BRATTLEBORO -- Southern Vermont is not expected to be hit heavily by the storm system forecasters continue to monitor as it inches closer to New England after wreaking havoc in the western parts of the country.
Still, agencies such as the Vermont Department of Public Safety, the National Weather Service and the Brattleboro Police Department want to warn people to stay safe while driving to their Thanksgiving destinations. This weekend is typically the most traveled day in the country, but there are pointers to help avoid disaster on the open road, especially for a Thanksgiving as cold as this one is expected to be.
Tom Kines, a meteorologist with AccuWeather, told the Reformer this area will primarily see rain that is expected to start later tonight and possibly turn into heavy freezing rain, snow or sleet. Kines said the precipitation will continue into Wednesday. He mentioned Thursday looks dry, though he does not expect the temperature to rise above 32 degrees.
Kines told the Reformer that Friday and Saturday should feature a good amount of sunshine, though temperatures will remain in the lower 30s. The immediate area, he said, will likely fare well, but northern Vermont and the Adirondack Mountains of New York state will be hit with heavy snow.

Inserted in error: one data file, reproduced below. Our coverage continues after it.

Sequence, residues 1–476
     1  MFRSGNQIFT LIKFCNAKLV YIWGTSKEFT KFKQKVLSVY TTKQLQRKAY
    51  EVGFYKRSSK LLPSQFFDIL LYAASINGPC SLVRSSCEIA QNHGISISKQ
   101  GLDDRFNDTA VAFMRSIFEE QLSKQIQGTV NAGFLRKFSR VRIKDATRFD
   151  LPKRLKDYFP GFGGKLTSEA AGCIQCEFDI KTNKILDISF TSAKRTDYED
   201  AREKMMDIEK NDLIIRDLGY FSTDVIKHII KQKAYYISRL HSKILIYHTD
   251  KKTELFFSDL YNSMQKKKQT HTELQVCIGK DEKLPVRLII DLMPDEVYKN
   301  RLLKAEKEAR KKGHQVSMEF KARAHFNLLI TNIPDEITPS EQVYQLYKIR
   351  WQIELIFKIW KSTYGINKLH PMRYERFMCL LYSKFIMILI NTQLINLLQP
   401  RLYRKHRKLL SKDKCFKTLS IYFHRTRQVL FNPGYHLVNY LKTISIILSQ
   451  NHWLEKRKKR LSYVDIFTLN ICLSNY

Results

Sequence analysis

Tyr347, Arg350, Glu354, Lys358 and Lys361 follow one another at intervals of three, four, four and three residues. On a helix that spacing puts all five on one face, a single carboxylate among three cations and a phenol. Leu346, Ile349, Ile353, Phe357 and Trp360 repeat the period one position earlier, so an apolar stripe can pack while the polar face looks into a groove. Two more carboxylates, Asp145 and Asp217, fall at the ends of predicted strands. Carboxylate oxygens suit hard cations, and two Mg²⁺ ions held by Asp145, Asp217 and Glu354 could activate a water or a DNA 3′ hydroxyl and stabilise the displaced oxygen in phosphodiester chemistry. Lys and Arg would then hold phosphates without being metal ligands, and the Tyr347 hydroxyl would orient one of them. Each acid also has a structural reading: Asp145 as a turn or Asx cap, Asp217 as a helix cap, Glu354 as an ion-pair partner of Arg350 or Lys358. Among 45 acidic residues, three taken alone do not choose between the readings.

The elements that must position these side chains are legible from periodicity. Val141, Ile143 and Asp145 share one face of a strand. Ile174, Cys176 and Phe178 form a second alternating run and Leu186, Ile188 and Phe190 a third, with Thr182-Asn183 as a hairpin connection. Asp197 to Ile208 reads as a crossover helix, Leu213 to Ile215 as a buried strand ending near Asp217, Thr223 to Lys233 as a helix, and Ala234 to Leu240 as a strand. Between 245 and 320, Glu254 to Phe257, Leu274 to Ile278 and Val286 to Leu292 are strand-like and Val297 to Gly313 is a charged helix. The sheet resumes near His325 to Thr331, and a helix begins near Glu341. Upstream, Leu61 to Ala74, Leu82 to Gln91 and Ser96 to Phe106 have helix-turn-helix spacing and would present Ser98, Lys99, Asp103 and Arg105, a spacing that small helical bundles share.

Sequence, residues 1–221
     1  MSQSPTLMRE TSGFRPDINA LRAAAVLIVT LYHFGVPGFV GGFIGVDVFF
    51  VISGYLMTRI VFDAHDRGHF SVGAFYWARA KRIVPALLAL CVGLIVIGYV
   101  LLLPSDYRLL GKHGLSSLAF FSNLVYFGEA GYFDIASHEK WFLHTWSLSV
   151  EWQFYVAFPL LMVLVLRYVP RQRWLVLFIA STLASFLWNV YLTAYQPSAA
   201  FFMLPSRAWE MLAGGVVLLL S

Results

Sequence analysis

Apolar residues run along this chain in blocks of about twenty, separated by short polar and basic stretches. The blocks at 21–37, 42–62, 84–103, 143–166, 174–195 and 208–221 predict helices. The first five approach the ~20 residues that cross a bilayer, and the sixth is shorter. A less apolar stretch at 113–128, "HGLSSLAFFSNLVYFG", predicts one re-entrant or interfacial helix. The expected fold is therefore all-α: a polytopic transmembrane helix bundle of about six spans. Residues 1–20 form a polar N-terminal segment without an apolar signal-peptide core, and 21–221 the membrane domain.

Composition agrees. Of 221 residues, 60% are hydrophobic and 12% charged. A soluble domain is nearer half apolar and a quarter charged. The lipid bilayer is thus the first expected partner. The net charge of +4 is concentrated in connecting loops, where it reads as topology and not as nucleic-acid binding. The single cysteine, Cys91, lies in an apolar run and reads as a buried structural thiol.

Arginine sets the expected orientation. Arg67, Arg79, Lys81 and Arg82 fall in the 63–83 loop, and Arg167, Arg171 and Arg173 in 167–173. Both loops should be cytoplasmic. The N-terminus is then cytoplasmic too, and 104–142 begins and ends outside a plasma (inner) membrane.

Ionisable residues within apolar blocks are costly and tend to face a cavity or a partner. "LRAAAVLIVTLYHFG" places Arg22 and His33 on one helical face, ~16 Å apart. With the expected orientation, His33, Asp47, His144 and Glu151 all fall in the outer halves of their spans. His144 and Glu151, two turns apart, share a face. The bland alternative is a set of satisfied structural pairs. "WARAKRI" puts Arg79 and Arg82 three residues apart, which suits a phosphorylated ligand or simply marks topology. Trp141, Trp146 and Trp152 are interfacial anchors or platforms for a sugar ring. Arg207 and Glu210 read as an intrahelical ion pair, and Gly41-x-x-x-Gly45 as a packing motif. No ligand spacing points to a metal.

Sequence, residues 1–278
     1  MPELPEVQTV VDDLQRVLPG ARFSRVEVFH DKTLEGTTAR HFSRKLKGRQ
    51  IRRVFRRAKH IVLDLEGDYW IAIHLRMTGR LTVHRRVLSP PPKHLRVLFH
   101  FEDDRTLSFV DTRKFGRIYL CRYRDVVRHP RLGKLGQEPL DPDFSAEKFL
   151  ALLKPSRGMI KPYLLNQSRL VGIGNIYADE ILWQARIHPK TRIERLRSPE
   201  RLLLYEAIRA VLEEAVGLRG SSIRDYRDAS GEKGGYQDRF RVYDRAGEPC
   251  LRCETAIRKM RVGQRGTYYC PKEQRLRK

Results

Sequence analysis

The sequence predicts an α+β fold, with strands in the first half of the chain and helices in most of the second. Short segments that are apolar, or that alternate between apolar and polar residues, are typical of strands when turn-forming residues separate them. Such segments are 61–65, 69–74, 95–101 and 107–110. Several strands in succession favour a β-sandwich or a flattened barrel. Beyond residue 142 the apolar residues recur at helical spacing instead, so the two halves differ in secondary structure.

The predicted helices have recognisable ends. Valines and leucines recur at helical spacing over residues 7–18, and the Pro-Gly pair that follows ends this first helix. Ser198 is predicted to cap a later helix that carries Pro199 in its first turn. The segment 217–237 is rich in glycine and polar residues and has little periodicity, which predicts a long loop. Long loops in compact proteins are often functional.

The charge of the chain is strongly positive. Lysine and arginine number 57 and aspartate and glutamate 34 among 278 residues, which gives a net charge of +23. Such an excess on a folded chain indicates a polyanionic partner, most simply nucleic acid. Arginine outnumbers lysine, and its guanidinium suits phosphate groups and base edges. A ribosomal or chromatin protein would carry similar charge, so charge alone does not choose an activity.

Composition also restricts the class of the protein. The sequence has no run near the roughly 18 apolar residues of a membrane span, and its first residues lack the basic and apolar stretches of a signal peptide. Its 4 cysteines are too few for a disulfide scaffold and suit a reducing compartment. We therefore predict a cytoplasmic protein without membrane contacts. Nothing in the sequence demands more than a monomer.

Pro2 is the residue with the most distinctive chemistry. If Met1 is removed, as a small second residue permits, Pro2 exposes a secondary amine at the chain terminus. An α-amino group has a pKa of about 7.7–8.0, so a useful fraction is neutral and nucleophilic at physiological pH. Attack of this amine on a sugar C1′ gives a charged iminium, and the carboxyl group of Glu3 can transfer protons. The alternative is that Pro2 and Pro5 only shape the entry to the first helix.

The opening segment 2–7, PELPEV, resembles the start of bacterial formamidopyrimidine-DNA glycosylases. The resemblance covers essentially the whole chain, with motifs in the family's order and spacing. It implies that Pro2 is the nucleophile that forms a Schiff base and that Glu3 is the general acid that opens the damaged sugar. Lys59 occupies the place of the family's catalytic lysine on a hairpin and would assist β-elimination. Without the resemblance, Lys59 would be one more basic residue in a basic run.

Though Brattleboro is expected to be spared the worst of any coming storm, Police Chief Gene Wrinn had some tips to help avoid unnecessary accidents. He recommends everyone put snow tires on their vehicles and give themselves plenty of time to get to where they are going.
"Take the extra two minutes, leave early, take your time, get there safely," he said Monday afternoon, adding that people with four-wheel drive can be overly confident on the roads. "Four-wheel drive is not four-wheel stop. They'll help you get going in the snow, but they won't help you stop in the snow."
Wrinn recommends people increase their "following distance," or the space between their vehicle and the one in front of them. He also said the elderly and disabled might need some extra help during storms and advises checking on your neighbors and family members to make sure everything is all right.
According to the Vermont Department of Public Safety, the National Weather Service has issued a winter storm watch for most of Vermont, with impacts expected Tuesday evening through Thursday morning. It also listed travel pointers.
The NWS recommends everyone slows down while driving and remember that bridges and overpasses can freeze up with black ice sooner than roadways. Drivers should stay alert, because snowdrifts and snow banks can often hide children or smaller vehicles, and always yield to snowplows to give the operators plenty of space to do their job. It is also recommended to always have at least a half-tank of gas and a windshield scraper and small broom in the vehicle for snow removal. It is also wise to have a well-stocked winter emergency car kit that includes a flashlight with extra batteries, basic First-Aid kit, shovel, tow rope, road maps, road flares/reflectors and blankets or sleeping bags.
Domenic Poli can be reached at firstname.lastname@example.org, or 802-254-2311, ext. 277. You can follow him on Twitter @dpoli_reformer.